172. On the basis of the foregoing analysis, and in light of the overall Canadian commitment in favor of refugee protection, the Commission offers the following recommendations designed to assist the State in its ongoing efforts to refine the refugee determination system, and to further enhance its compliance with the standards of the American Declaration of the Rights and Duties of Man and the international instruments which assist in its interpretation.

173. With respect to the issue of access to the refugee determination system, the Commission recommends that the State take measures to:

1. Place the substantive determination of eligibility to enter the determination process within the competence of the CRDD. While the international law applicable to this determination leaves it to national authorities to determine the procedures to be applied, ensuring that the decision to exclude asylum seekers from the determination process is made by an official competent to determine refugee status would safeguard the fundamental right of the person concerned to be effectively heard in stating his or her claim pursuant to Article XXVII of the American Declaration, and its related minimum due process guarantees, while respecting the duty of the State to protect the system and citizen security.

2. Amend the determination process before the CRDD to enable it to be reopened to consider newly available material facts or evidence deemed to meet a reasonable threshold of relevance, thereby providing an important safeguard in identifying genuine refugees and ensuring their right to non-return under Article XXVII of the American Declaration, and the minimum procedural guarantees necessary to ensure the efficacy of that right.

3. Expedite family reunification in the case of persons who have applied for landing without sufficient identification documents, consistent with the generous overall commitment of Canada to family reunification and respect for family life.132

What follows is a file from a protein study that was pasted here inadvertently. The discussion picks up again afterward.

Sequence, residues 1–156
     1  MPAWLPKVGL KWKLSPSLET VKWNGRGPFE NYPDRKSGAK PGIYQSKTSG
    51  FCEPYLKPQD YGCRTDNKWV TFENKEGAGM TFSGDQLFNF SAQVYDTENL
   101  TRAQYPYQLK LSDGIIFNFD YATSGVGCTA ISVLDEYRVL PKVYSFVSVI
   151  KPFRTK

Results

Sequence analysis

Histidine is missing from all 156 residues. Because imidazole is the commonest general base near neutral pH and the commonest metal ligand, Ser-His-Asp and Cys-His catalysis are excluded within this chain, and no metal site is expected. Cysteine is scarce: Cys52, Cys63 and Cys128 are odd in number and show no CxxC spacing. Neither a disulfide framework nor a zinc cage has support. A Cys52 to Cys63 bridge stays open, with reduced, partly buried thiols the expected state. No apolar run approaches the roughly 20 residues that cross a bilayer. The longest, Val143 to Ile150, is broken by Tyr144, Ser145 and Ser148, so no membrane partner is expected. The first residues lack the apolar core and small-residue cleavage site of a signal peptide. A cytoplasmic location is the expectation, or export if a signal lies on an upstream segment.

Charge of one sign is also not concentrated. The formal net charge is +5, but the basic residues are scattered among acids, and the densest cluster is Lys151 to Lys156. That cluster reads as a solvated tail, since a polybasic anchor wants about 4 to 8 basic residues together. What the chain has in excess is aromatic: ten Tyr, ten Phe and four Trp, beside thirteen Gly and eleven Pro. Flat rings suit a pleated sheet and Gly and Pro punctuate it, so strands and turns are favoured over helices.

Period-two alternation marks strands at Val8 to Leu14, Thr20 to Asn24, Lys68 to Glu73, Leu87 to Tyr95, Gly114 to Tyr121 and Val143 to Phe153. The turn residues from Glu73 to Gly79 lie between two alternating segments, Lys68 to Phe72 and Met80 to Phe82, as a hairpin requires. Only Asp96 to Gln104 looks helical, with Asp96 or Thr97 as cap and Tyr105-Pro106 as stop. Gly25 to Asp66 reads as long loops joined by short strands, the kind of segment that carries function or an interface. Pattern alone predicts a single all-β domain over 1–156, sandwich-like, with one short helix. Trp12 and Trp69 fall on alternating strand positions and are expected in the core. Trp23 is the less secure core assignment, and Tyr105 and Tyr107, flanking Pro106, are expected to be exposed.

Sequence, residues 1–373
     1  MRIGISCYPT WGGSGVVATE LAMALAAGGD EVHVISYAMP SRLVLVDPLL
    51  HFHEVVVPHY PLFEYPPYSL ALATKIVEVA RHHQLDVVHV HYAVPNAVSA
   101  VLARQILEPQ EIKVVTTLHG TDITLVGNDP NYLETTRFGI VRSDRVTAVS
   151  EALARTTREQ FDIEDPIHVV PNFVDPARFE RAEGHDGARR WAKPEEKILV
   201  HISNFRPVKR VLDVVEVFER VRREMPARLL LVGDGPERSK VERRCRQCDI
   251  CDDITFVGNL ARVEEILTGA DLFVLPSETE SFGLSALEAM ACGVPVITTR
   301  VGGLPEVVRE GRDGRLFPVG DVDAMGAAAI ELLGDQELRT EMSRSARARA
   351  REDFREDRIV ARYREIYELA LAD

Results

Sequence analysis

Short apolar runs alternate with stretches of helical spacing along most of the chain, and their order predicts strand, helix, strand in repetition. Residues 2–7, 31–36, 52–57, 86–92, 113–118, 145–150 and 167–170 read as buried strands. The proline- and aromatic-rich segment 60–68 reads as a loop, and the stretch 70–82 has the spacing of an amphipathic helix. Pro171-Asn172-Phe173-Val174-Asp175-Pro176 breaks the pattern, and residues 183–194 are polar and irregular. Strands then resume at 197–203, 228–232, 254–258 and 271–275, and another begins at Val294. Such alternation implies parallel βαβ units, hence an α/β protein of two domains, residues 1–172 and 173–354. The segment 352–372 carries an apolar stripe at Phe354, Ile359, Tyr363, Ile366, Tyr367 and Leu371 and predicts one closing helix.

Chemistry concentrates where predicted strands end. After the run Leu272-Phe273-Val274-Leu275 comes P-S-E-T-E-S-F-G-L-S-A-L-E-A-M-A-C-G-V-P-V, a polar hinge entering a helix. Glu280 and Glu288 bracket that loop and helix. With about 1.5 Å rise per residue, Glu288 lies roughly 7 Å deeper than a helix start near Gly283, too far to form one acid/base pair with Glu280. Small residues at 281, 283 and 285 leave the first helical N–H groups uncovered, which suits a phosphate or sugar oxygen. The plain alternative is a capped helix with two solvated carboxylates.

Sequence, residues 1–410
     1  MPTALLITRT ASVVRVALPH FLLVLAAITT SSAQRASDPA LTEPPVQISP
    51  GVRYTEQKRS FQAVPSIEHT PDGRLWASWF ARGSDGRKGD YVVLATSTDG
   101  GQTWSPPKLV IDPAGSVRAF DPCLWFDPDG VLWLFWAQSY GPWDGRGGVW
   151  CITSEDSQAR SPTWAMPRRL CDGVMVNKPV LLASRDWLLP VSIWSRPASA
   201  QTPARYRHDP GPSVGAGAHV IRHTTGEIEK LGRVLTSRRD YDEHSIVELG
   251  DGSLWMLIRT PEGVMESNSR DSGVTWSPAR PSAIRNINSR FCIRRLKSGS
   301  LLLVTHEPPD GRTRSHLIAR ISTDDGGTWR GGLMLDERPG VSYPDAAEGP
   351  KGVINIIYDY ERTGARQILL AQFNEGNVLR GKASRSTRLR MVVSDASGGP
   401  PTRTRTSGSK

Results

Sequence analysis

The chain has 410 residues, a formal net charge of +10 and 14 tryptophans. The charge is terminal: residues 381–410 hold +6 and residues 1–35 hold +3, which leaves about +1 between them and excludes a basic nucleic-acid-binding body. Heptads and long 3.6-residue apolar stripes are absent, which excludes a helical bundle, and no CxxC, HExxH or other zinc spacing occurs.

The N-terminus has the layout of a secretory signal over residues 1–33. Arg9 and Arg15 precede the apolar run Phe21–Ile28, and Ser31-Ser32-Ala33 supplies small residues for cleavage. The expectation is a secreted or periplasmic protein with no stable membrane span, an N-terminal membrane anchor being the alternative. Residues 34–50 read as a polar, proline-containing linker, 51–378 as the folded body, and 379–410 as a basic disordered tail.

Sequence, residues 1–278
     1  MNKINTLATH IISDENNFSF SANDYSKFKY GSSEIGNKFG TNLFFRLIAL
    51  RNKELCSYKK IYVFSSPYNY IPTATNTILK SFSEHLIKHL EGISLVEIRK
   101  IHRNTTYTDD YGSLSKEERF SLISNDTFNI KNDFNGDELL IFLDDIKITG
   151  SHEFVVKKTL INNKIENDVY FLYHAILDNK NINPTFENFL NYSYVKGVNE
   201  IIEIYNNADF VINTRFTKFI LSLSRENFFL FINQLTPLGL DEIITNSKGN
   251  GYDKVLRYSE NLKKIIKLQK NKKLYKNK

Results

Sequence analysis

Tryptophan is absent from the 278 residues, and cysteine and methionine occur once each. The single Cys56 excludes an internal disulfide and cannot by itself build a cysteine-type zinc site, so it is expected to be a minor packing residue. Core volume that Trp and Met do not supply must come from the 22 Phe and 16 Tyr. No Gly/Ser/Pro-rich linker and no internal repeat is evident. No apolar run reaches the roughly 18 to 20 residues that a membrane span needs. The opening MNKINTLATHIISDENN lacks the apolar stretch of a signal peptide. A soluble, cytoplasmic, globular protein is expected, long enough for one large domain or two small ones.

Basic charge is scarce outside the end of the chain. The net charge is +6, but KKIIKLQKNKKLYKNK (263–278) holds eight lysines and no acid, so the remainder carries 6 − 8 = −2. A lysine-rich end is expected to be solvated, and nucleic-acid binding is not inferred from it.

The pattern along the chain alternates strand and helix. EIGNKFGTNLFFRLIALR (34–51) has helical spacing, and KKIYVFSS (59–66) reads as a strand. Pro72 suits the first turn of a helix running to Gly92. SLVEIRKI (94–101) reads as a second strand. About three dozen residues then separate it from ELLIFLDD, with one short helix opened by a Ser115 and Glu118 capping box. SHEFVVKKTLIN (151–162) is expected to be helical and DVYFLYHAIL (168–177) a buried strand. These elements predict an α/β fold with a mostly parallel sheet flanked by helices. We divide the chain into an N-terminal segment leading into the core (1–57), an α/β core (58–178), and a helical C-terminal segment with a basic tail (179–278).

174. With respect to access to administrative and judicial review mechanisms, the Commission recommends that the State take further action designed to ensure that:

1. Refused refugee claimants have access to a merits-based review of the decision taken by the CRDD, whether through administrative or judicial channels. This could be done by establishing a separate appeals competence within the CRDD, or by modifying the judicial leave requirements to assure access as a right. In either case, pursuant to Article XVIII of the American Declaration, claimants must still have access to effective judicial protection for rights under the Declaration or Canadian Charter.

2. Refused refugee claimants who may not meet the standard to be deemed a Convention refugee, but who nonetheless can make a showing that return would subject them to a serious risk of inhuman treatment or torture, are heard through a prompt effective procedure capable of effectively protecting their fundamental right to be free from torture pursuant to Article I of the American Declaration, with the minimum procedural guarantees necessary to ensure the efficacy of that right.

3. Those claimants who require legal aid to effectively vindicate their rights within the refugee system as a whole, whether in determination proceedings, detention review, post-claim administrative review or post-claim judicial review, may avail themselves of that important safeguard relative to, inter alia, Articles XVIII, XXV and XXVII of the American Declaration.